Trump’s nominee to lead HHS wrote conservative ACA replacement plan

Tom Price

Tom Price

President-elect Donald Trump has selected Dr. Tom Price, an orthopedic surgeon from Georgia who has served in the House for six terms, to serve as his secretary of Health and Human Services.

That’s a signal that the Trump administration is going to pursue a very conservative health policy agenda – and not just on repealing the Affordable Care Act.

Price is the author of one of several ACA replacement proposals put forth in the House – and it’s one of the most conservative. He relies heavily on market forces, and the tax code to reshape the post-ACA insurance market. People would get subsidies in the form of tax credits – based on age, not their economic status, and generally not enough to pay for the kind of comprehensive plans on the market today.

But he says people should have the option of buying narrower plans – and that competition and deregulation will bring down prices. He also expands Health Savings Accounts, limits the tax breaks for companies that cover their workers (and dependents) and creates high-risk pools (but only puts in about $3 billion over three years, which even other conservative analysts see as low).

Here’s a description of his plan, as of 2015. Here’s an NPR piece by Alison Kodjak on the highlights that ran right after Trump announced the selection.

Here’s the full bill text.

Here’s an essay Price and two other conservative physicians serving in the House wrote this fall for JAMA Forum.

And here’s an op-ed from Price himself on the conservative Townhall site backing the plan Speaker Paul Ryan put forth for House Republicans. (Price’s own preferred approach is similar but somewhat to the right.)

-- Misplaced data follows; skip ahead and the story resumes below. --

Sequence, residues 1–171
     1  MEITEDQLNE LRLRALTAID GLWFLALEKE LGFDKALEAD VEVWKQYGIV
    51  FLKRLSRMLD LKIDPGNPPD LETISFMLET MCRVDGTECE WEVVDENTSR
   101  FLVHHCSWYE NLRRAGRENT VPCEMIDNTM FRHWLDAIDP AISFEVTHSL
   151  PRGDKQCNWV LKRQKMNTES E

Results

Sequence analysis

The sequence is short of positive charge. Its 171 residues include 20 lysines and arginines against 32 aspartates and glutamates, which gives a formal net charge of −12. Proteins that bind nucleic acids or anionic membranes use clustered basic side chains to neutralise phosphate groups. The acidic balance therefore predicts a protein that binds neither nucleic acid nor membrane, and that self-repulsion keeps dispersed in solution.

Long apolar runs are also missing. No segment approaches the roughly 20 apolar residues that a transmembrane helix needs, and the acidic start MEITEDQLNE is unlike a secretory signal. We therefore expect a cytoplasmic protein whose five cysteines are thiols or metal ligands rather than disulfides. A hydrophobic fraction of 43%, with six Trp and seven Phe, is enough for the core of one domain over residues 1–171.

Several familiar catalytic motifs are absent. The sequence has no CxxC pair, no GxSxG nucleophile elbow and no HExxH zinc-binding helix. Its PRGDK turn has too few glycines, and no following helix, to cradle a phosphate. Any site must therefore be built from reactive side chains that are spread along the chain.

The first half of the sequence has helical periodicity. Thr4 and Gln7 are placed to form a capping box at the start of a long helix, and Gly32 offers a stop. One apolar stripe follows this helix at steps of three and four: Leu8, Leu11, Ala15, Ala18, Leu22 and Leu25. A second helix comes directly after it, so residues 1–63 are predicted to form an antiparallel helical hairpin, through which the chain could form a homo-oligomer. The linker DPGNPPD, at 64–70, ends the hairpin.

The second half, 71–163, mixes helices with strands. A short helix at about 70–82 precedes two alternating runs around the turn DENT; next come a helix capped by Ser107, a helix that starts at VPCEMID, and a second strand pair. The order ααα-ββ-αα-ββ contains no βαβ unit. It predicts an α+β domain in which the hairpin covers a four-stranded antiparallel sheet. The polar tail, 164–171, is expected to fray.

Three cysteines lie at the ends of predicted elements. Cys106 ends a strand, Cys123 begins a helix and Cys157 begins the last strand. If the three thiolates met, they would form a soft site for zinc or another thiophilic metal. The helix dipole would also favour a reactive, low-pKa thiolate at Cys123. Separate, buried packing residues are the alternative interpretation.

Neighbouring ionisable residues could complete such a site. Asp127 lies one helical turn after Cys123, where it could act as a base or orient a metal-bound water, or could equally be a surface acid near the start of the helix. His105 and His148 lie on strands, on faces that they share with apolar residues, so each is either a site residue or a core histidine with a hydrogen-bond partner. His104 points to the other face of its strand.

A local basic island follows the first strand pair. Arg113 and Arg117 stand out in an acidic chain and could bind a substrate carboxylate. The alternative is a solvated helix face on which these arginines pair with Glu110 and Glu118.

As the GOP fights over whether and how much of the Affordable Care Act to preserve – and how strenuously to preserve it – while the country transitions to a “replacement,” the HHS secretary will have a key role. Price would have a say in deciding which rules get rolled back, which get vigorously enforced, and will shape how the exchanges function in the interim. It’s not clear, for instance, how the incoming administration will address the cost-sharing subsidies that the House GOP sued the Obama administration over. If they stop them, insurers are more likely to flee the exchanges and speed up the demise of the ACA. Even if Price’s HHS doesn’t do anything very drastic for a year or so, it’s hard to imagine him flying around the country a la Sylvia Burwell encouraging people to sign up next year.

But his agenda doesn’t stop with the ACA. He also wants to overhaul Medicaid and Medicare, putting a far more conservative stamp on them. He’d block grant Medicaid – and turn Medicare into a voucher-like premium support program. For procedural and political reasons – both will be harder for the incoming Congress than repealing the ACA.


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